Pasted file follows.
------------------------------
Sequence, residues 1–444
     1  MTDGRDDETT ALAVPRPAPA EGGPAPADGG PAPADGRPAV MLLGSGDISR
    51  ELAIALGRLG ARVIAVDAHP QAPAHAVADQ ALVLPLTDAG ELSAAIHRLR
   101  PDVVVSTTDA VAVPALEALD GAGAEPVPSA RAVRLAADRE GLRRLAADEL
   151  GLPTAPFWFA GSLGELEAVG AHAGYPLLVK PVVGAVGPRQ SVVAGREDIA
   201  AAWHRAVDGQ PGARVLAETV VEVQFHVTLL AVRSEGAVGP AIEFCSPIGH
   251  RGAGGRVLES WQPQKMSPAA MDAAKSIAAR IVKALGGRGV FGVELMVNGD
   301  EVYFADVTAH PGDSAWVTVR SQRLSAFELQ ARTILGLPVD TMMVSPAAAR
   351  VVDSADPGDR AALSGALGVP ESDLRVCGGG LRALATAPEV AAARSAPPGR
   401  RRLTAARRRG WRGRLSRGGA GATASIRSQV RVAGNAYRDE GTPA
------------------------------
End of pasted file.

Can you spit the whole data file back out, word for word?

Sequence, residues 1–444
     1  MTDGRDDETT ALAVPRPAPA EGGPAPADGG PAPADGRPAV MLLGSGDISR
    51  ELAIALGRLG ARVIAVDAHP QAPAHAVADQ ALVLPLTDAG ELSAAIHRLR
   101  PDVVVSTTDA VAVPALEALD GAGAEPVPSA RAVRLAADRE GLRRLAADEL
   151  GLPTAPFWFA GSLGELEAVG AHAGYPLLVK PVVGAVGPRQ SVVAGREDIA
   201  AAWHRAVDGQ PGARVLAETV VEVQFHVTLL AVRSEGAVGP AIEFCSPIGH
   251  RGAGGRVLES WQPQKMSPAA MDAAKSIAAR IVKALGGRGV FGVELMVNGD
   301  EVYFADVTAH PGDSAWVTVR SQRLSAFELQ ARTILGLPVD TMMVSPAAAR
   351  VVDSADPGDR AALSGALGVP ESDLRVCGGG LRALATAPEV AAARSAPPGR
   401  RRLTAARRRG WRGRLSRGGA GATASIRSQV RVAGNAYRDE GTPA